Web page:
Different patterns of pulmonary vascular disease induced by type 1 diabetes and moderate hypoxia in rats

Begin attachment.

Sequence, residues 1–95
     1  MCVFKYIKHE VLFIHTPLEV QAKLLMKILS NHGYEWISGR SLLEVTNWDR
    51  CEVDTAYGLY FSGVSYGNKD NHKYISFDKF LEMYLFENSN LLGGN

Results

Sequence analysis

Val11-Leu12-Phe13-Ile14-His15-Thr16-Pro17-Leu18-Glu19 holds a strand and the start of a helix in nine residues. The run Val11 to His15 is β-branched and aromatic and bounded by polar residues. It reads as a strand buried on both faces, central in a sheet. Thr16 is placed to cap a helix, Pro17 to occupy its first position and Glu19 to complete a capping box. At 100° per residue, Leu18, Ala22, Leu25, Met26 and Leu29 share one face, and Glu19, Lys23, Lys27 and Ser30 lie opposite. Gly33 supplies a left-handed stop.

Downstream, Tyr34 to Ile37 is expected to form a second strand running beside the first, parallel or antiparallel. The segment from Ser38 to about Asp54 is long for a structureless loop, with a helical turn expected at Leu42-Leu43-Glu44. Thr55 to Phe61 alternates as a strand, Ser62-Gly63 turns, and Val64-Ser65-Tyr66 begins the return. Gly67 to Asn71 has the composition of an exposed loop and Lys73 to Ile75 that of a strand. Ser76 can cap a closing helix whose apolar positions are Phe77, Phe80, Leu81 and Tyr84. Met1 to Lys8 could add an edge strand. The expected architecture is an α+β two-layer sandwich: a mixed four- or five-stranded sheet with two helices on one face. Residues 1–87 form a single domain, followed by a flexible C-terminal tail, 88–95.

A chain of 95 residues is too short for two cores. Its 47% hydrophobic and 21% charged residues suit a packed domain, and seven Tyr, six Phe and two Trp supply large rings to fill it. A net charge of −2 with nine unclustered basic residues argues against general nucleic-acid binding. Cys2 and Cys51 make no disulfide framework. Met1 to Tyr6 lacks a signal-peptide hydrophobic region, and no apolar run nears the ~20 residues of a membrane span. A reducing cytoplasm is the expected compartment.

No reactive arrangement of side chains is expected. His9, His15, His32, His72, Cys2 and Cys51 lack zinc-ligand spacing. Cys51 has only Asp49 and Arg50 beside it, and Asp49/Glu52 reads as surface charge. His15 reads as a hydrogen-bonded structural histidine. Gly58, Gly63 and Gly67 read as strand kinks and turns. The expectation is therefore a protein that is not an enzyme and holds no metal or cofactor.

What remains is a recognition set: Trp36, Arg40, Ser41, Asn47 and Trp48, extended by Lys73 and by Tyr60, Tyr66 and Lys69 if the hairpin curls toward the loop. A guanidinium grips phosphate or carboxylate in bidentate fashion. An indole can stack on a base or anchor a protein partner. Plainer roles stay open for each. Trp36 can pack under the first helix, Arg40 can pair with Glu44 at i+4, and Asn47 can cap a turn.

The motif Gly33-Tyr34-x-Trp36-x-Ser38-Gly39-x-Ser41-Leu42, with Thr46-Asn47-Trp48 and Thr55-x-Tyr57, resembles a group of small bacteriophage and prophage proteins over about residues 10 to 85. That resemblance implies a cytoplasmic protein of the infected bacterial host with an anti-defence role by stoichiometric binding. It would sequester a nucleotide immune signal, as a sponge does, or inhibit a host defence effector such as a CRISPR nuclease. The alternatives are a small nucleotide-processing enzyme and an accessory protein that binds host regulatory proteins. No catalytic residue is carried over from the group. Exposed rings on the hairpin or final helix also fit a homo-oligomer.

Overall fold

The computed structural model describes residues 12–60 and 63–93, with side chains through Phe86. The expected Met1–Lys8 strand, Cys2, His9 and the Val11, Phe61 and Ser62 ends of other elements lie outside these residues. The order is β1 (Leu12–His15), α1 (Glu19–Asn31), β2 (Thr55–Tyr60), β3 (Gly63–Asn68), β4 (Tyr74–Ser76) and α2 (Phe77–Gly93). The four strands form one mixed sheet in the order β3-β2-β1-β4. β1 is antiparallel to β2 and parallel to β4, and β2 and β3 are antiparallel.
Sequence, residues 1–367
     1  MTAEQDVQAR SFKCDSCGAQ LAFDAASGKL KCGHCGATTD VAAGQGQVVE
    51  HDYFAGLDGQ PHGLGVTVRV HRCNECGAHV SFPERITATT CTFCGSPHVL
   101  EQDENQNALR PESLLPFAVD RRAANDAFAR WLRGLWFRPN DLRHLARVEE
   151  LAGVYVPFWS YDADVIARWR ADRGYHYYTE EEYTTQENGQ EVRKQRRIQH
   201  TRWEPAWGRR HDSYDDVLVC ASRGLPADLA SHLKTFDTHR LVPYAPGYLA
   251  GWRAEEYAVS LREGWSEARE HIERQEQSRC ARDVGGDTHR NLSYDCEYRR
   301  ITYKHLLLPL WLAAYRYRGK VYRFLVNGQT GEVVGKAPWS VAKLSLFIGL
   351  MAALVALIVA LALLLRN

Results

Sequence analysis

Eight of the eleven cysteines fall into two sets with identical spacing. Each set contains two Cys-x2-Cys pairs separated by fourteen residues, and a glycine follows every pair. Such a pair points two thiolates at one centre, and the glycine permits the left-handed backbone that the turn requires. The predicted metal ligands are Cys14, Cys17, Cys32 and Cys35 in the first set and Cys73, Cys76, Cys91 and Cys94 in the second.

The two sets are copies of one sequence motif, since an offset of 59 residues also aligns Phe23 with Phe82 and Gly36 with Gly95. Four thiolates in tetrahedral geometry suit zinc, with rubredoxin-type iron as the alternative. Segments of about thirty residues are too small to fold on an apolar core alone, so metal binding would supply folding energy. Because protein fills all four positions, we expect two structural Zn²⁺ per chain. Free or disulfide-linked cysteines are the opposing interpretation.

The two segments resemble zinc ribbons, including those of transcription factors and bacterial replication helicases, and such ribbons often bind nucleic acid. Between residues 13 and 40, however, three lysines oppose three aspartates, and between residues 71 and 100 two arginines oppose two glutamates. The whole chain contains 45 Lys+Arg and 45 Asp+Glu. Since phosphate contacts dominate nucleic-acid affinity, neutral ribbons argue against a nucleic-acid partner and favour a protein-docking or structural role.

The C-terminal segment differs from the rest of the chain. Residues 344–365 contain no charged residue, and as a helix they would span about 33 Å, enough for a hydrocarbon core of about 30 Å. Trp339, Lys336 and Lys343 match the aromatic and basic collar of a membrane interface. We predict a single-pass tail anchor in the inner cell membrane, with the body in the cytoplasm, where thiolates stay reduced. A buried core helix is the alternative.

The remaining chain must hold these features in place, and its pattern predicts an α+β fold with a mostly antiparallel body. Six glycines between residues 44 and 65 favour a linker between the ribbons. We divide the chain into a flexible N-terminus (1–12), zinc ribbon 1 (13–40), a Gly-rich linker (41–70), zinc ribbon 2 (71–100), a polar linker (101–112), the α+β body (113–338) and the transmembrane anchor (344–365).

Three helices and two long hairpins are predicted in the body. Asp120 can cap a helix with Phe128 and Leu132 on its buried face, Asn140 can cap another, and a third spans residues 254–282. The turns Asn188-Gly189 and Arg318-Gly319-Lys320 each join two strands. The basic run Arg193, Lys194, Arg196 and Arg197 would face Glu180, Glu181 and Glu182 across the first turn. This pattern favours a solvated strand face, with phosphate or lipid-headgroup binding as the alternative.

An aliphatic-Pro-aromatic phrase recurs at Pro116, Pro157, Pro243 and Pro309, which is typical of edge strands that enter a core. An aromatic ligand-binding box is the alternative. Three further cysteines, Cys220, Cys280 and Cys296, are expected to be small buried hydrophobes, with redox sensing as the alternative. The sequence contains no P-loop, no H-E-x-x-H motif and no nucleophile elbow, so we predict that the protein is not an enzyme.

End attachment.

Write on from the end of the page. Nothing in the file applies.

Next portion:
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Although type 1 and type 2 diabetes are strongly associated with systemic cardiovascular morbidity, the relationship with pulmonary vascular disease had been almost disregarded until recent epidemiological data revealed that diabetes might be a risk factor for pulmonary hypertension. Recent experimental studies suggest that diabetes induces changes in lung function insufficient to elevate pulmonary pressure. The aim of this study was to assess the effects of diabetes on the sensitivity to other risk factors for pulmonary hypertension. We therefore analysed the effects of the combination of diabetes with exposure to moderate hypoxia on classical markers of pulmonary hypertension. Control (saline-treated) and diabetic (70 mg kg-1 streptozotocin-treated) male Wistar-Kyoto rats were followed for 4 weeks and exposed to normoxia or moderate normobaric hypoxia (14%) for another 2 weeks. Hypoxia, but not diabetes, strongly reduced voltage-gated potassium currents, whereas diabetes, but not hypoxia, induced pulmonary artery endothelial dysfunction. Both factors independently induced pulmonary vascular remodelling and downregulated the lung bone morphogenetic protein receptor type 2. However, diabetes, but not hypoxia, induced pulmonary infiltration of macrophages, which was markedly increased when both factors were combined. Diabetes plus hypoxia induced a modest increase in diastolic and mean pulmonary artery pressure and right ventricular weight, while each of the two factors alone had no significant effect. The pattern of changes in markers of pulmonary hypertension was different for moderate hypoxia and diabetes, with no synergic effect except for macrophage recruitment, and the combination of both factors was required to induce a moderate elevation in pulmonary arterial pressure.
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